males are heterogametic
Dosage compensation is achieved by inactivation at random of one
of the two X chromosomes.
The heterochromatized X
chromosome appears as a darkly-staining bodies attached
to the nuclear membrane. The phenomenon was first described in
cats by Dr Murray L. Barr, a Canadian cytogeneticist, and
heterochromatin bodies are now called Barr Bodies. [The other dark bodies within the
nucleus are nucleoli,
which represent repetitive rDNA
testing was introduced in the 1966 Olympic games, in an
effort to detect male athletes supposedly trying to "pass"
as females to gain a competitive advantage. Teams from eastern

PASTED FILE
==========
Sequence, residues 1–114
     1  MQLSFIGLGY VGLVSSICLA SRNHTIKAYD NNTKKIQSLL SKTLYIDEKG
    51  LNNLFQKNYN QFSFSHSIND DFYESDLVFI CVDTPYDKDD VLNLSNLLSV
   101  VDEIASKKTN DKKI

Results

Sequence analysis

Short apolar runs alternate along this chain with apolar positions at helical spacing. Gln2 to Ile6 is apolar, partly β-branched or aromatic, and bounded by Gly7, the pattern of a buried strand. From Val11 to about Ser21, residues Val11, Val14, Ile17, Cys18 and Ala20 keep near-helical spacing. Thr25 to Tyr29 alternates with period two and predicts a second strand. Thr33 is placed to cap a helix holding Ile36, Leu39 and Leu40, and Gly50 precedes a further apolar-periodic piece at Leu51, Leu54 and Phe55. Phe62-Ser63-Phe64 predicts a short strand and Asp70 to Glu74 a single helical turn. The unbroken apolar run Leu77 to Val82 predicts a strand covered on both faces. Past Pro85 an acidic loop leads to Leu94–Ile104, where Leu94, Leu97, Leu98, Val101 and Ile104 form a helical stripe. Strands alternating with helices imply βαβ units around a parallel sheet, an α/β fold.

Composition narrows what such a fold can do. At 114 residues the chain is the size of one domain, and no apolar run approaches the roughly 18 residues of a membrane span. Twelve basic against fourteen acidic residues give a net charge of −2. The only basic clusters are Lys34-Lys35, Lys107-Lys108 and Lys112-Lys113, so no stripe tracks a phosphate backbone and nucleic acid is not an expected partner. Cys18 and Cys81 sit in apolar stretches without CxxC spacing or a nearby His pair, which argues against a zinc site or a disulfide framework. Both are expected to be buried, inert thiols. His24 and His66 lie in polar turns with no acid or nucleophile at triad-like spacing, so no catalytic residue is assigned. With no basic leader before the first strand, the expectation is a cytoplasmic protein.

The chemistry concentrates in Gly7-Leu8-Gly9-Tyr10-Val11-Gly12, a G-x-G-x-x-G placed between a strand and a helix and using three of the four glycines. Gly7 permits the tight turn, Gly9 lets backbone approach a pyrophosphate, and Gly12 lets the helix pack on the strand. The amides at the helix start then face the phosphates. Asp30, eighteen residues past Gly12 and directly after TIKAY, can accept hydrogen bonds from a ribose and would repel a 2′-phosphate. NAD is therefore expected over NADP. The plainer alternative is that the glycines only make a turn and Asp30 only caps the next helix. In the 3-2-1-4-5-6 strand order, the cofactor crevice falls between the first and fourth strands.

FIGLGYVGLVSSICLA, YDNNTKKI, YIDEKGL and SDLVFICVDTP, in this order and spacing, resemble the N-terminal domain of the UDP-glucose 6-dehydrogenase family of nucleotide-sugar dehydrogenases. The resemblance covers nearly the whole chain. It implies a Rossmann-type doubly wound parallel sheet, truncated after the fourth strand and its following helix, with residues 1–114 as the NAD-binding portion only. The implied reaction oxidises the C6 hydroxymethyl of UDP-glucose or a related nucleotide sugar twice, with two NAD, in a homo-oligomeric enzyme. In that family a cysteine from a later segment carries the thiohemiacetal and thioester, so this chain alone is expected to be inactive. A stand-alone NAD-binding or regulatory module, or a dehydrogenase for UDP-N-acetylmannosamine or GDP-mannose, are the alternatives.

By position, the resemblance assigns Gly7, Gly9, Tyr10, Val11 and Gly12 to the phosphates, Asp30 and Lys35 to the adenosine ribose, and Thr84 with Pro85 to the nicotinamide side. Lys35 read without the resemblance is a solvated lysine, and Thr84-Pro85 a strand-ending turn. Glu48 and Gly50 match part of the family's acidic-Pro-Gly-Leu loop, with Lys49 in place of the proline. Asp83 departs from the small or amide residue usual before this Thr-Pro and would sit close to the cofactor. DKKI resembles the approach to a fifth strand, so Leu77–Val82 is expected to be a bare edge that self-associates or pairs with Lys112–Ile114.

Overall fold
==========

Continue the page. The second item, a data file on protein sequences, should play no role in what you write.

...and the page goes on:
Europe were particularly suspect. Such
allegations had been made for many years, and a number of athletes
were stripped of their medals as a result of ambiguous
sex. Barr Body testing never detected deliberate fakery. It
did however detect a number of cases of testicular
feminization syndrome (TFS),
a genetic condition in which an XY
(male) zygote develops as a phenotypically female adult,
due to failure of androgen receptors. Such individuals would test
positive for the presence of a Barr body. In most if not all
cases, the athletes were themselves unaware of their condition.
Figure after M. Barr (1963) by SM
Carr; all text material © 2015 by Steven M.